January 2014

Can Subthreshold Depression Put Patients With Diabetes At Risk For Poor Health Outcomes?

By Brian McCurdy, Senior Editor

A recent study in Diabetes Care suggests that subthreshold depressive episodes are a risk factor for poor health outcomes for patients with diabetes and early monitoring of depressive symptoms may lead to better functioning and quality of life.

   The study focused on 1,064 patients. Five yearly assessments between 2008 and 2013 revealed that almost half of the patients experienced at least one episode of subthreshold depressive symptoms. After adjusting for potentially confounding factors, the study notes that for those with four subthreshold depressive episodes, the risk of poor functioning/impaired health related quality was almost three times higher in comparison to people with no or minimal depression.

   Saying there is “absolutely no doubt” that depression is associated with diabetes, Kathleen Satterfield, DPM, says those who are newly diagnosed with diabetes will face many of the realities that cancer patients face. The diagnosis of diabetes, she notes, is going to change everything in that patient’s life, such as traditional family gatherings with fatty holiday foods and birthdays with ice cream.

   “In a very real sense, they feel like outsiders in their own lives,” says Dr. Satterfield, an Associate Professor/Assistant Dean of Pre-Clinical Education and Outcomes Assessment in the College of Podiatric Medicine at the Western University of Health Sciences. “My patients told me this time and time again in their own way. Life isn’t as fun anymore. Trying to decide how to eat is now work. Many had never been active before and their friends and family aren’t too interested in taking up a new activity either. So they are facing this alone. How depressing is that?”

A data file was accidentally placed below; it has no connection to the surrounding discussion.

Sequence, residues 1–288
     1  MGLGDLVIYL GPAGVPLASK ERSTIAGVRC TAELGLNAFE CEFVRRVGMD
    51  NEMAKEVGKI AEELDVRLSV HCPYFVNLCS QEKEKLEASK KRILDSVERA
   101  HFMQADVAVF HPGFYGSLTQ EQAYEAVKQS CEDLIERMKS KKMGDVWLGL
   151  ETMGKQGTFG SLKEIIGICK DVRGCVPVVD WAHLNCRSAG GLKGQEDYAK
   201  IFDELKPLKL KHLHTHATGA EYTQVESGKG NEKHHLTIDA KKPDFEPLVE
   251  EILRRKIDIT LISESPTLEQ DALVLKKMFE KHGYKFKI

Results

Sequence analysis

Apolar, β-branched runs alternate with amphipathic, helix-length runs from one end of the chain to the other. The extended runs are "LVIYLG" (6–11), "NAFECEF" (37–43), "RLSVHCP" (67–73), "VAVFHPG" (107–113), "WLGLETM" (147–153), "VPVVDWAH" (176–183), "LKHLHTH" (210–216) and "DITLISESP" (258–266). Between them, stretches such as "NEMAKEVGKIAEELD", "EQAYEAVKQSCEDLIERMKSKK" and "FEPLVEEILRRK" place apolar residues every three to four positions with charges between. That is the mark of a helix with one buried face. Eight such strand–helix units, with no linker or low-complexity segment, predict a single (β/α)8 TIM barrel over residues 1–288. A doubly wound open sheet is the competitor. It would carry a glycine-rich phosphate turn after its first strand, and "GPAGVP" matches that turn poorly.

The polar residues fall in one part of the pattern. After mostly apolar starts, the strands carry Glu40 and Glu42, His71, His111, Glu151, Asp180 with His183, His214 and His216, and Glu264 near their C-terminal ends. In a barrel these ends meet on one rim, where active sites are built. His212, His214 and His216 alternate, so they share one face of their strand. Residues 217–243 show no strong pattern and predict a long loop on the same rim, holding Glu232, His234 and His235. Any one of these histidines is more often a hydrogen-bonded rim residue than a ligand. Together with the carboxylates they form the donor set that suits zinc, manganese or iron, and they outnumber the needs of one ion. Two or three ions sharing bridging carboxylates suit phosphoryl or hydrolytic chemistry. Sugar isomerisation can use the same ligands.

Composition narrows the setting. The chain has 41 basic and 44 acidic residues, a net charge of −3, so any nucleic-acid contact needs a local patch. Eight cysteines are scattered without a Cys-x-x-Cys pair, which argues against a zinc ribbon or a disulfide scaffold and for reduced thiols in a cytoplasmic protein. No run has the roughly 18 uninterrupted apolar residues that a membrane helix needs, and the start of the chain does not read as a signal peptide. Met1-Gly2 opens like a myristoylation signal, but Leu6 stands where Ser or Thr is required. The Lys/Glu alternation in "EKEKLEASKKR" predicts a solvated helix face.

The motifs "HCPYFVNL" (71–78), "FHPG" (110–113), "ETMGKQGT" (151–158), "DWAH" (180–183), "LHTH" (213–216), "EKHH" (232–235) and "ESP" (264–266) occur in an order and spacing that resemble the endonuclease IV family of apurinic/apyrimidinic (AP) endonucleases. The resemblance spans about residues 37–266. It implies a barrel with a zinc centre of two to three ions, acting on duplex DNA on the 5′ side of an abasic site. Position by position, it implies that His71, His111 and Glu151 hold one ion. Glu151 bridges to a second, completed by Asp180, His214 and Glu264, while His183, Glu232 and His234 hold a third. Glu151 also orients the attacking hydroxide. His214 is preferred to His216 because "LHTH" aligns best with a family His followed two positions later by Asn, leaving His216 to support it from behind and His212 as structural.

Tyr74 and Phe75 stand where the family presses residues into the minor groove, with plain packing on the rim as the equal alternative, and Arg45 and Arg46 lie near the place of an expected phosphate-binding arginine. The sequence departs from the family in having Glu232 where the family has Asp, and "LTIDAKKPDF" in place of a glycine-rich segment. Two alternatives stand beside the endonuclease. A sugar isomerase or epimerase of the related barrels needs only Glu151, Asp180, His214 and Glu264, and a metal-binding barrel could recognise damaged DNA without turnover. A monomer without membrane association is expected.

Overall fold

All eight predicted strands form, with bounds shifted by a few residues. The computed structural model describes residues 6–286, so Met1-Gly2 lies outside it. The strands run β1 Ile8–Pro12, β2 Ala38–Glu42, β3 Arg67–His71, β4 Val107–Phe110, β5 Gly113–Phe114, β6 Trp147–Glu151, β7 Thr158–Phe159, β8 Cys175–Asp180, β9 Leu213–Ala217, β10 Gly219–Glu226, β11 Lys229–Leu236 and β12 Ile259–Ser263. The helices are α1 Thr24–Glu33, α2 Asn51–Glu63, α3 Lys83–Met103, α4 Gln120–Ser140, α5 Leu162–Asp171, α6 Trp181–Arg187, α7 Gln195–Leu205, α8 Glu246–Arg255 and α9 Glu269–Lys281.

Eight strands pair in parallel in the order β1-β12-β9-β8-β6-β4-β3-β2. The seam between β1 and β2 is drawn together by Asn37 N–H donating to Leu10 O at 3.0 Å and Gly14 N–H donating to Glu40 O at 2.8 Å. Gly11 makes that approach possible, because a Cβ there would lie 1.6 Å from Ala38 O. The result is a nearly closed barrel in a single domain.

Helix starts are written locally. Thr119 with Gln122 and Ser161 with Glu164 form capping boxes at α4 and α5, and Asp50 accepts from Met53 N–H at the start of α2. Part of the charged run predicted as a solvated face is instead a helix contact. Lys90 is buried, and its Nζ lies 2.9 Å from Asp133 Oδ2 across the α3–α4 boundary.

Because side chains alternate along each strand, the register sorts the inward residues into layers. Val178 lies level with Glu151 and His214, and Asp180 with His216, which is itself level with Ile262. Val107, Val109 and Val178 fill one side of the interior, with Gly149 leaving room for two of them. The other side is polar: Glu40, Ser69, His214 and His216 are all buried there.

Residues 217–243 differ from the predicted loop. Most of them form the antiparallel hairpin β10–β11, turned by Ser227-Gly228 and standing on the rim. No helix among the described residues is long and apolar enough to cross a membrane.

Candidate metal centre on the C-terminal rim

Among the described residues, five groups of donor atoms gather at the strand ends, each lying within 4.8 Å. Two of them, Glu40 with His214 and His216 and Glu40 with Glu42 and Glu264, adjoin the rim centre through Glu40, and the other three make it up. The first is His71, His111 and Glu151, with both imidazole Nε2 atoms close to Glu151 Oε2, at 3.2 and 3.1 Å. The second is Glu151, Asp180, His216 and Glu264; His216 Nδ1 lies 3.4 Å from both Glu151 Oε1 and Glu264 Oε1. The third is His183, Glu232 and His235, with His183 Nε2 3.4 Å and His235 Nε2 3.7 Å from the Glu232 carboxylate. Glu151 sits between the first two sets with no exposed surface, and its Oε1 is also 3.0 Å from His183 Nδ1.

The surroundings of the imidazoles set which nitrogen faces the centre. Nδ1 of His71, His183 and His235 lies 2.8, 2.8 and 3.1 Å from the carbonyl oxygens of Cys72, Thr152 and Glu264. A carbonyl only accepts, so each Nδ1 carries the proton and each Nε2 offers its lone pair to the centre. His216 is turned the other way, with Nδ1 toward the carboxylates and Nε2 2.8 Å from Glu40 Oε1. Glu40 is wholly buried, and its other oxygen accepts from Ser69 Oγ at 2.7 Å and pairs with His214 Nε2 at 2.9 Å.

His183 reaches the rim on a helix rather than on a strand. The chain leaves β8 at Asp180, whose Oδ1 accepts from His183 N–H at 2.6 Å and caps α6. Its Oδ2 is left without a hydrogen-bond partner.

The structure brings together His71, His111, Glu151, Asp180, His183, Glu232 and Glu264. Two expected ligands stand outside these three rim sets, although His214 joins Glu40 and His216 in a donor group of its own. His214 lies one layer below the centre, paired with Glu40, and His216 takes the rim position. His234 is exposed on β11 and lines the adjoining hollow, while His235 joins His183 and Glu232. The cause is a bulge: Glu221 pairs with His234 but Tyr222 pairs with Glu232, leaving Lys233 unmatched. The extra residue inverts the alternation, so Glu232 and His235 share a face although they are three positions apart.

Andrew Rice, DPM, concurs, saying multiple comorbidities, longstanding illness, a feeling of helplessness or fear of losing employment due to long disability periods from the complications of diabetes can contribute to or may exacerbate depression.

   When choosing medications, Dr. Rice suggests avoiding those medications that may worsen depression, and particularly when treating neuropathy, one should use medications that may have a positive effect to reduce depressive symptoms. Aside from making referrals to mental health professionals, Dr. Rice, an Assistant Clinical Professor in the Department of Orthopaedics and Rehabilitation at the Yale University School of Medicine, suggests podiatric physicians be empathetic and alert family to assist. Dr. Satterfield also suggests getting the help of office staff and nurses to speak to patients and find out how they feel.

   Dr. Satterfield recalls that when she practiced at the Texas Diabetes Institute in San Antonio, there was an outstanding amputee support group that the patients ran with support from her nurse case manager, Sabrina Shoe, and the podiatric residents who rotated through the clinic.

   “One patient told the others a story about slipping out of his prosthetic limb while he was at the grocery store, pushing his cart. He took a step before he realized what had happened. Only his support group members could share in that embarrassment and really understand how a person would feel,” says Dr. Satterfield.

   What red flags for depression should podiatric physicians look for in patients with diabetes? Dr. Satterfield suggests looking for a patient who doesn’t follow instructions and appears unkempt. Both she and Dr. Rice note other red flags are those who are uncommunicative or have sleep disturbances.

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